"In its early stage it is wholly concealed in the body of the insect," Peck wrote. But as the infection progresses, "the terminal rings of the abdomen fall away, revealing the pulverulent mass of spores within."

More than 130 years after Peck penned his eloquent description of zombified, infected cicadas shedding fungal spores from their backsides, researcher Angie Macias, now a doctoral candidate in plant and soil sciences at West Virginia University, dubbed the insects "salt shakers of death." Macias learned about the "murderous little fungus" when she was an undergraduate at Cornell University in Ithaca, New York, and wrote about the fungus and its cicada hosts in a 2013 blog post.

“When I go home this summer, I’m going to test the patience of my parents a little more by not only bringing the usual handfuls of mushrooms into the house, but handfuls of dead cicadas as well," Macias wrote. "I might get lucky and find one with a Massospora infection."

Massospora cicadina only affects periodical cicadas in the Magicicada genus. (Image credit: Nature Picture Library/Alamy Stock Photo)

People who encounter Brood X cicadas this spring could certainly spot cicadas infected with the fungus, said Brian Lovett, a researcher with West Virginia University's Division of Plant and Soil Sciences, and the lead author of a 2020 study on Massospora-infected cicadas. Lovett and his co-authors found that the fungus made infected male cicadas flick their wings in the same way females do, to lure other males close enough for a dose of zombifying spores, Live Science previously reported.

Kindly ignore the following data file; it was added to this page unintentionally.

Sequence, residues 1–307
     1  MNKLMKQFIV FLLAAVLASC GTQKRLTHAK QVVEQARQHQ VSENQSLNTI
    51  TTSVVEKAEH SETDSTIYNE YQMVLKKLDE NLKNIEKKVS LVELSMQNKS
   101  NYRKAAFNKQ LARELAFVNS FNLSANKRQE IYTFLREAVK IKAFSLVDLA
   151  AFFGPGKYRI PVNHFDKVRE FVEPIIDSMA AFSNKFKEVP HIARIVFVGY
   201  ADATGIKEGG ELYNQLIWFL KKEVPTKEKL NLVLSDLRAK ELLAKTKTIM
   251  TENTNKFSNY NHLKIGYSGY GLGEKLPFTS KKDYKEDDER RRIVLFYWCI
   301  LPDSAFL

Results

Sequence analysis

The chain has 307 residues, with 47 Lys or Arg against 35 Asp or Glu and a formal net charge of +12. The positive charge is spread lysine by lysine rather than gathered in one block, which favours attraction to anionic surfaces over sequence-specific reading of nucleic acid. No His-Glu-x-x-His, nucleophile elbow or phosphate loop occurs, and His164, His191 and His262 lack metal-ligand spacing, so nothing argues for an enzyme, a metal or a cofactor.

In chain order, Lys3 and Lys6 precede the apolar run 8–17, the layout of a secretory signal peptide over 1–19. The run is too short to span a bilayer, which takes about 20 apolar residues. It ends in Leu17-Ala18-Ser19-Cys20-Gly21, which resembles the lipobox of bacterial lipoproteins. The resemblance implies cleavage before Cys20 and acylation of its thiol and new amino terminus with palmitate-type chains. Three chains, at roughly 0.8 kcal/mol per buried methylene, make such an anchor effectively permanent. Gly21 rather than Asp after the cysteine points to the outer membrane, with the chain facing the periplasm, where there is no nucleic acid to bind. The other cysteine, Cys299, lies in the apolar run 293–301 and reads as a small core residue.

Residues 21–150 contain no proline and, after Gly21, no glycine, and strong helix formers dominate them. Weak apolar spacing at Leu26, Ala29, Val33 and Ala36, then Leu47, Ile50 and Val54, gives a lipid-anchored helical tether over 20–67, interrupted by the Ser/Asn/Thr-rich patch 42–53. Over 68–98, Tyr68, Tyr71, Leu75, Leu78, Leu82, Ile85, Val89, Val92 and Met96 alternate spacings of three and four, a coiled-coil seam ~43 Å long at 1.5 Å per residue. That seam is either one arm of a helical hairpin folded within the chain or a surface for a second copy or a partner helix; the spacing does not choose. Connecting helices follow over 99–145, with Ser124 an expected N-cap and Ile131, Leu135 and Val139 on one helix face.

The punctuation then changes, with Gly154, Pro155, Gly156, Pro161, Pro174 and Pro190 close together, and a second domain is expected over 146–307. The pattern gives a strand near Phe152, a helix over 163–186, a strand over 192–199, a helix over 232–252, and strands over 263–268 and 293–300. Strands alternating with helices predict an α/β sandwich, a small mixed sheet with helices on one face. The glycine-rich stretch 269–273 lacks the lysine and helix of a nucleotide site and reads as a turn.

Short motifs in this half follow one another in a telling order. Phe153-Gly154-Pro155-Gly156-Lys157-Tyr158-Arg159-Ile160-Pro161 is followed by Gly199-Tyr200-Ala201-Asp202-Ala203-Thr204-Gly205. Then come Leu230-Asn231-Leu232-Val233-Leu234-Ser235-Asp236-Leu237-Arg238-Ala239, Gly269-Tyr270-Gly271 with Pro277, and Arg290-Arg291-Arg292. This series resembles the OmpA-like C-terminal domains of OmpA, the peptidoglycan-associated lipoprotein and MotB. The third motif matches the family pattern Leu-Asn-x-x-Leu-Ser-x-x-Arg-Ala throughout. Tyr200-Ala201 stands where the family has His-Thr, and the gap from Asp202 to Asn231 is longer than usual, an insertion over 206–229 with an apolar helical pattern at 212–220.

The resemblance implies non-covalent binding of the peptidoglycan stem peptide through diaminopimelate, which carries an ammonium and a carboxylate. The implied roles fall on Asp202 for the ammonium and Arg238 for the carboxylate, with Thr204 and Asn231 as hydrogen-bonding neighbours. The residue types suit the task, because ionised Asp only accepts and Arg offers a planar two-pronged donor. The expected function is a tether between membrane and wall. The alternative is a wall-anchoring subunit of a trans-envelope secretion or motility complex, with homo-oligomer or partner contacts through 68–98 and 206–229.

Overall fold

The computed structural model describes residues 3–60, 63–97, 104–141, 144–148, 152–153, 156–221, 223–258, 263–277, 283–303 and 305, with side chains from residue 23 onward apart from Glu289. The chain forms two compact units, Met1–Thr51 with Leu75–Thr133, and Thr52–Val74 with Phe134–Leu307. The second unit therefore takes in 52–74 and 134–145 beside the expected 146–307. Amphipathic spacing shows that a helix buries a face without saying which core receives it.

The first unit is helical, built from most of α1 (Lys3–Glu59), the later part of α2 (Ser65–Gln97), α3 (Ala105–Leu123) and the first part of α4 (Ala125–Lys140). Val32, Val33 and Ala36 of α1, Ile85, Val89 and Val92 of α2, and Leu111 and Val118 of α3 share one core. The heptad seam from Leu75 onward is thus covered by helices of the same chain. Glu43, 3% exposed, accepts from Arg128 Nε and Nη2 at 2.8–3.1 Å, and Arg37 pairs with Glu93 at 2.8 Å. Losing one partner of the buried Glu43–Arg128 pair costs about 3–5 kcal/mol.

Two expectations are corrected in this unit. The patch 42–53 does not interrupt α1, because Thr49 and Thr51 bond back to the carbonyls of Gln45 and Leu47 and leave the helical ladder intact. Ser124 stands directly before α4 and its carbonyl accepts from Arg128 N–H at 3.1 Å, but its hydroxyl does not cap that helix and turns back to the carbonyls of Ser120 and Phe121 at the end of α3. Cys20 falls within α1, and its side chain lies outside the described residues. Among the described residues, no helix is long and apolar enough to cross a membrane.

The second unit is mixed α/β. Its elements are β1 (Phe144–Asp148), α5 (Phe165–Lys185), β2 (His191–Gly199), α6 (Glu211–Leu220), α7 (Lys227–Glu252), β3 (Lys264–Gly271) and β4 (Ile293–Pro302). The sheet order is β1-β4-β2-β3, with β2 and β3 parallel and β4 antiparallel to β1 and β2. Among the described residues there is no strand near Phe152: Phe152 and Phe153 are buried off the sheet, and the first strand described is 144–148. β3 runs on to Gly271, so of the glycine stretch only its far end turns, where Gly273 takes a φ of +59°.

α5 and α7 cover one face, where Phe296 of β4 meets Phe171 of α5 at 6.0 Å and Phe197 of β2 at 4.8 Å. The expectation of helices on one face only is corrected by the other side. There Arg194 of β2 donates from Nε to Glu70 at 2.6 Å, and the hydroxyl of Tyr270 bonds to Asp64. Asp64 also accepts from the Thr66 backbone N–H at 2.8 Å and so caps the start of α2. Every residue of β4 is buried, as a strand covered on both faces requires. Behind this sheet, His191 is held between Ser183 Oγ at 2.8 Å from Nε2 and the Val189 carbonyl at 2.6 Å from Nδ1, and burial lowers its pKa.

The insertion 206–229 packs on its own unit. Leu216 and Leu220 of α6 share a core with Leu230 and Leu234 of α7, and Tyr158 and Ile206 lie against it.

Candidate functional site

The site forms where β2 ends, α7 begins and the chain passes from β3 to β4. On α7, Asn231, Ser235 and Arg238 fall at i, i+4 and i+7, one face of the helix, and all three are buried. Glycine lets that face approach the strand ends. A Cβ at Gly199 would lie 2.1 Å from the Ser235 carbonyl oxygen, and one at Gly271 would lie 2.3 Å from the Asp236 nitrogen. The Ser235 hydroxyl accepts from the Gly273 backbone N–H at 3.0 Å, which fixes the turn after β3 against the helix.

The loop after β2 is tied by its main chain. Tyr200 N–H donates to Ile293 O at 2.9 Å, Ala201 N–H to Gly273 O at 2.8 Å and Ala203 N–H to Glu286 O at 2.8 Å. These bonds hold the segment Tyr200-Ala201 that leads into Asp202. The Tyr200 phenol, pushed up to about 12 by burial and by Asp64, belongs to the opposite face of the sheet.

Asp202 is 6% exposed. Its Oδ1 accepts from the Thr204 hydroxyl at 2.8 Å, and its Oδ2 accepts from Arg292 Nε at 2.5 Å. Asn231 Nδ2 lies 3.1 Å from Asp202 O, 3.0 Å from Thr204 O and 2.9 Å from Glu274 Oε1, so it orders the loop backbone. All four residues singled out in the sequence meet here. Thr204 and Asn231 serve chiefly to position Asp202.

"Brood X is notoriously the largest emergence, and so we expect that infections will be widespread," Lovett told Live Science in an email. "High numbers of insects benefit infectious diseases like this fungus. If even a few percent of Brood X are infected, that is a lot of infections!"

However, as Massospora cicadina only preys on periodical cicadas, infected Brood X insects won't launch a zombie apocalypse. 

"This fungus is a well-established part of the ecosystem," Barnes said in the email. "It's a bit bizarre and creepy, but there's no reason to panic."

Lovett recommends that if people find infected Brood X cicadas, "they should post their observation on an app like Cicada Safari or iNaturalist to help scientists track where infections can be found," he said. "Then, I recommend excitedly sharing a selfie with your new zombie cicada friend on social media."

Originally published on Live Science.

Mindy Weisberger
Live Science Contributor

Mindy Weisberger is an editor at Scholastic and a former Live Science channel editor and senior writer. She has reported on general science, covering climate change, paleontology, biology, and space. Mindy studied film at Columbia University; prior to Live Science she produced, wrote and directed media for the American Museum of Natural History in New York City. Her videos about dinosaurs, astrophysics, biodiversity and evolution appear in museums and science centers worldwide, earning awards such as the CINE Golden Eagle and the Communicator Award of Excellence. Her writing has also appeared in Scientific American, The Washington Post and How It Works Magazine.